Researchers investigating ways to improve type 2 diabetes treatments

A better understanding of how the transcription factor Peroxisome Proliferator-Activated Receptor Gamma (PPARgamma) works is critical to find new ways to improve medications to treat type 2 diabetes. Drugs that activate PPARgamma, called thiazolidinediones (TZDs), have long been regarded as a treatment for type 2 diabetes based on their anti-inflammatory and potent insulin-sensitizing activity. When taken orally, TZDs help decrease insulin resistance. However, most medications in that class have now been withdrawn from the market, or severely limited in their usage, given their dangerous side effects, which include weight gain, water retention and heart failure.

One promising approach to target PPARgamma to treat the issues related to is to dissect the regulatory strategies that control different subsets of PPARgamma target genes in cells. The ultimate goal would be to target the "negative" side of PPARgamma activity without impacting on the "good" ones.

A recent study led by BUSM researchers, published in Cell Reports, identifies one such strategy regulating fat tissue activity and PPARgamma in adipose cells. It is based on a group of cellular factors that bind to DNA and help PPARgamma in the regulation of a specific subset of target genes, including enzymes important for the mobilization of lipids.

"There is a great need to develop new treatments for people with type 2 ," said Valentina Perissi, PhD, assistant professor of biochemistry at BUSM and the study's corresponding author. "Targeting PPARgamma still represents a powerful approach, however we need to further improve our understanding of PPARgamma function and how its activity is regulated in in orderdevelop more effective treatments."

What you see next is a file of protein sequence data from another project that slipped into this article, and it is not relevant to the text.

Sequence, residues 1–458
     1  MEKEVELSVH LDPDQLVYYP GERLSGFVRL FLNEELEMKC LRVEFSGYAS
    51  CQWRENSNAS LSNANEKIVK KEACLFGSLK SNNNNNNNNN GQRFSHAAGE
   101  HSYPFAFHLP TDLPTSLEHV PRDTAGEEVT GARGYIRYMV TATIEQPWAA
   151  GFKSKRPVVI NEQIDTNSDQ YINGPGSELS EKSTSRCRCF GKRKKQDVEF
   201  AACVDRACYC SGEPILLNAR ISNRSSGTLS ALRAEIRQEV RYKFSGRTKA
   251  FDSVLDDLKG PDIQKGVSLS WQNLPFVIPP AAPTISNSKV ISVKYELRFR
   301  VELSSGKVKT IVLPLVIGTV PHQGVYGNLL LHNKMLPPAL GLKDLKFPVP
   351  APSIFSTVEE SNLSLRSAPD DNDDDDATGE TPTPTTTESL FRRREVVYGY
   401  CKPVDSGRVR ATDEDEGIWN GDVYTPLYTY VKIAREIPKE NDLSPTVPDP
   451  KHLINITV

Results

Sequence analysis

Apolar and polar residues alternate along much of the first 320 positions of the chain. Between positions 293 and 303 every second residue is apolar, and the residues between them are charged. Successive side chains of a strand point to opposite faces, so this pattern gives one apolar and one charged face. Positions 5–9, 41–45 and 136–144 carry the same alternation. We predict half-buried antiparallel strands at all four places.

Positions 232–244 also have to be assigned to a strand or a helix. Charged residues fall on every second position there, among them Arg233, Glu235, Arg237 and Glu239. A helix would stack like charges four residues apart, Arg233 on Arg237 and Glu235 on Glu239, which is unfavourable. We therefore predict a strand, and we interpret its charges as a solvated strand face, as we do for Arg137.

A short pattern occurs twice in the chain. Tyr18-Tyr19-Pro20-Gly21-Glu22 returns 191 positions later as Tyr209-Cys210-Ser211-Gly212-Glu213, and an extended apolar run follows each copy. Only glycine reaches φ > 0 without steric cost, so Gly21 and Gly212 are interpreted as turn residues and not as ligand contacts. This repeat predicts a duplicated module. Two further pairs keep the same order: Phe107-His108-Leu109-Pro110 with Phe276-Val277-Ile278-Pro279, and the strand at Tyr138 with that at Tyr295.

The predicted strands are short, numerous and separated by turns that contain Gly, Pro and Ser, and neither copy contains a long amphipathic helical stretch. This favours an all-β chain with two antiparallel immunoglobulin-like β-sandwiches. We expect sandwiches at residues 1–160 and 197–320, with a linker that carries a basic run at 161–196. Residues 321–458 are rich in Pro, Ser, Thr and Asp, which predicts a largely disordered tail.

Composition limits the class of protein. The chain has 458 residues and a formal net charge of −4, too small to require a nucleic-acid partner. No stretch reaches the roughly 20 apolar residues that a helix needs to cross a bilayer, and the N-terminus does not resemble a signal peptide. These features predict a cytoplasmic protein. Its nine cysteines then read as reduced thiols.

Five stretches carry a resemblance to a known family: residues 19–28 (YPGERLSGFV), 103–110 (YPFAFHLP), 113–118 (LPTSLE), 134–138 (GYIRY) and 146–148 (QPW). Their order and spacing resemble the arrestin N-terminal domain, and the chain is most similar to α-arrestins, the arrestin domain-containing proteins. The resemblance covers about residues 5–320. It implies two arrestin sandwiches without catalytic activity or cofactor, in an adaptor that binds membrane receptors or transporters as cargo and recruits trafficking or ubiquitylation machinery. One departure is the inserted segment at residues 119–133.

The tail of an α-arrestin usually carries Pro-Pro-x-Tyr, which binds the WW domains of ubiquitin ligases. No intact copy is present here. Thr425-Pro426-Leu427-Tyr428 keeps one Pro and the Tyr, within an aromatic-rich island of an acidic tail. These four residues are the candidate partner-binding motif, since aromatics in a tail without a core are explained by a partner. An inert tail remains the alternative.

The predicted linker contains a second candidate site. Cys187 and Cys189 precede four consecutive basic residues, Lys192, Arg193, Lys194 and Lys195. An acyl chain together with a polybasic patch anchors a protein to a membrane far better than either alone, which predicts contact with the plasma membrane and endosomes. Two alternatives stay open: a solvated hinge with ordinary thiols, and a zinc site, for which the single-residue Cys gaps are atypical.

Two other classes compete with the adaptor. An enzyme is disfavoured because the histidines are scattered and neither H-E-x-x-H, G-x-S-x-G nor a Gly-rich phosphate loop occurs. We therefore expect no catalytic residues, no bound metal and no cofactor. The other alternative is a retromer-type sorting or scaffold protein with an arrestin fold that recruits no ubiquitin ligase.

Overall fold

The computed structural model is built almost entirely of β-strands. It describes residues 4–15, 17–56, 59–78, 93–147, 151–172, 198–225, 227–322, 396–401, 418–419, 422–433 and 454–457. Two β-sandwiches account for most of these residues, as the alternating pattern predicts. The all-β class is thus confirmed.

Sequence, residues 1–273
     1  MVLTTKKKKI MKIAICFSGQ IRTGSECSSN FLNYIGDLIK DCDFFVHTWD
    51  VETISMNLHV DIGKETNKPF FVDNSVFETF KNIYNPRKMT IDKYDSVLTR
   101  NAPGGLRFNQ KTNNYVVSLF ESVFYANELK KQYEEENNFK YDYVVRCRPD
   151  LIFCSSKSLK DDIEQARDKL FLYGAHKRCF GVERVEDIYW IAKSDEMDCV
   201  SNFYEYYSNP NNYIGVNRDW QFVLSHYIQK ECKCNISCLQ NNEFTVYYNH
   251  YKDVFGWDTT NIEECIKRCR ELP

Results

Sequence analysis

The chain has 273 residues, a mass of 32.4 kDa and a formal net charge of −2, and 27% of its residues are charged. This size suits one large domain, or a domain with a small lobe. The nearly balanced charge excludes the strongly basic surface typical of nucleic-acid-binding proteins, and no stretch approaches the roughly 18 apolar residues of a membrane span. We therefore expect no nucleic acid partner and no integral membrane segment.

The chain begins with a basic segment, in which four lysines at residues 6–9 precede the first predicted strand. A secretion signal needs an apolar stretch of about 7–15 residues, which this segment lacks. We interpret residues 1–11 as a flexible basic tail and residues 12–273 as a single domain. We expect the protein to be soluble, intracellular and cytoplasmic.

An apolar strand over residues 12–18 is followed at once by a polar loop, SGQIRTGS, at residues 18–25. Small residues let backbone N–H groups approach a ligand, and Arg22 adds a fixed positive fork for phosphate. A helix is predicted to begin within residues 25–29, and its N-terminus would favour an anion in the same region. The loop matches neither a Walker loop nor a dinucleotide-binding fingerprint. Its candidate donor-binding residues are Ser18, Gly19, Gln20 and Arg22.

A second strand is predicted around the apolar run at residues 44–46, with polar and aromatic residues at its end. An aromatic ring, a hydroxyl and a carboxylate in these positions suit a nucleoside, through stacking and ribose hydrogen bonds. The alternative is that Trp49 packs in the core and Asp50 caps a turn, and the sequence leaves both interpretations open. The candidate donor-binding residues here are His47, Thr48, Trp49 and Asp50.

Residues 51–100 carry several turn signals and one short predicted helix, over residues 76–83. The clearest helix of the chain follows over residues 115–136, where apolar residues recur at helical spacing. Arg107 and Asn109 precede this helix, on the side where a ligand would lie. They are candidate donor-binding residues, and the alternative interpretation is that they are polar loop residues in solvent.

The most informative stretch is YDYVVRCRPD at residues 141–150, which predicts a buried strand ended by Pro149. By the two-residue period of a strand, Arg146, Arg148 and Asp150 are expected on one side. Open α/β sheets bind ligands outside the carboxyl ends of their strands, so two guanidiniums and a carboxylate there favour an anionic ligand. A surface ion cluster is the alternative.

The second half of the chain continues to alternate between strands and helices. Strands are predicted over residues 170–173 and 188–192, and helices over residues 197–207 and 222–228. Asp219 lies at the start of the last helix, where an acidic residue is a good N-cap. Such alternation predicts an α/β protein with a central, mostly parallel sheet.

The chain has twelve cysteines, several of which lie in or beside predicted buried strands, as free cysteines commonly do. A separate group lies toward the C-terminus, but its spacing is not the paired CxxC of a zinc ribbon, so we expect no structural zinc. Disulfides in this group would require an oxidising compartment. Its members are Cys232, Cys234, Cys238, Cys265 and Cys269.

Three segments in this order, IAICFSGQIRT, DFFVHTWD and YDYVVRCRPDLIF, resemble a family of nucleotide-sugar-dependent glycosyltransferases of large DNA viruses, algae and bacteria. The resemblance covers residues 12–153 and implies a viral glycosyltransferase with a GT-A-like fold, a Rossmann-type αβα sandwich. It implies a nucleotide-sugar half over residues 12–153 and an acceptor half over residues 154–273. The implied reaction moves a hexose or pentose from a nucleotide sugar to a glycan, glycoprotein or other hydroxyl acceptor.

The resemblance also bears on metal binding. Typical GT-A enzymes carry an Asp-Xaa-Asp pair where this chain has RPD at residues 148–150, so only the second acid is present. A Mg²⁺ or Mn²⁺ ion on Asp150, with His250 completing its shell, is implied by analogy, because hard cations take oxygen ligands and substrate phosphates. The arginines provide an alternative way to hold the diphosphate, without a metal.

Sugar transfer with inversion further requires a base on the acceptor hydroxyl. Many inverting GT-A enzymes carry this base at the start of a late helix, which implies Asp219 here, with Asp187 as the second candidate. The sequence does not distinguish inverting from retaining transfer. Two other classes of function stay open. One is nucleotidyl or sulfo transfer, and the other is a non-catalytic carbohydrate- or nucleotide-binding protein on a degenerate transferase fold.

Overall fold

More information: "GPS2/KDM4A Pioneering Activity Regulates Promoter-Specific Recruitment of PPARγ." M. Dafne Cardamone, Bogdan Tanasa, Michelle Chan, Carly T. Cederquist, Jaclyn Andricovich4, Michael G. Rosenfeld, Valentina Perissi. Cell Reports Published Online: June 19, 2014. DOI: dx.doi.org/10.1016/j.celrep.2014.05.041

Related Stories

Gene behind unhealthy adipose tissue identified

date May 22, 2014

Researchers at Karolinska Institutet in Sweden have for the first time identified a gene driving the development of pernicious adipose tissue in humans. The findings imply, which are published in the scientific ...

Researchers identify key regulator of inflammatory response

date Apr 12, 2012

(Medical Xpress) -- Researchers at Boston University School of Medicine (BUSM) have identified a gene that plays a key role in regulating inflammatory response and homeostasis. These findings could help lead to the development ...

Scientists find 'dual switch' regulates fat formation

date Apr 08, 2011

New research by scientists at The Scripps Research Institute and collaborating institutions has identified a key regulator of fat cell development that may provide a target for obesity and diabetes drugs.

Recommended for you

USPSTF review: T2DM screening doesn't cut mortality

date Apr 14, 2015

(HealthDay)—Type 2 diabetes screening is not associated with improved mortality rates after 10 years of follow-up, according to a U.S. Preventive Services Task Force (USPSTF) review published online April ...

Effects of n-3 PUFAs on insulin sensitivity unclear

date Apr 14, 2015

(HealthDay)—Dietary n-3 polyunsaturated fatty acids (PUFAs), including eicosapentaenoic acid (EPA) and docosahexaenoic acid (DHA), do not appear to have clinically meaningful effects on peripheral or hepatic ...

User comments

Please sign in to add a comment. Registration is free, and takes less than a minute. Read more

Click here to reset your password.
Sign in to get notified via email when new comments are made.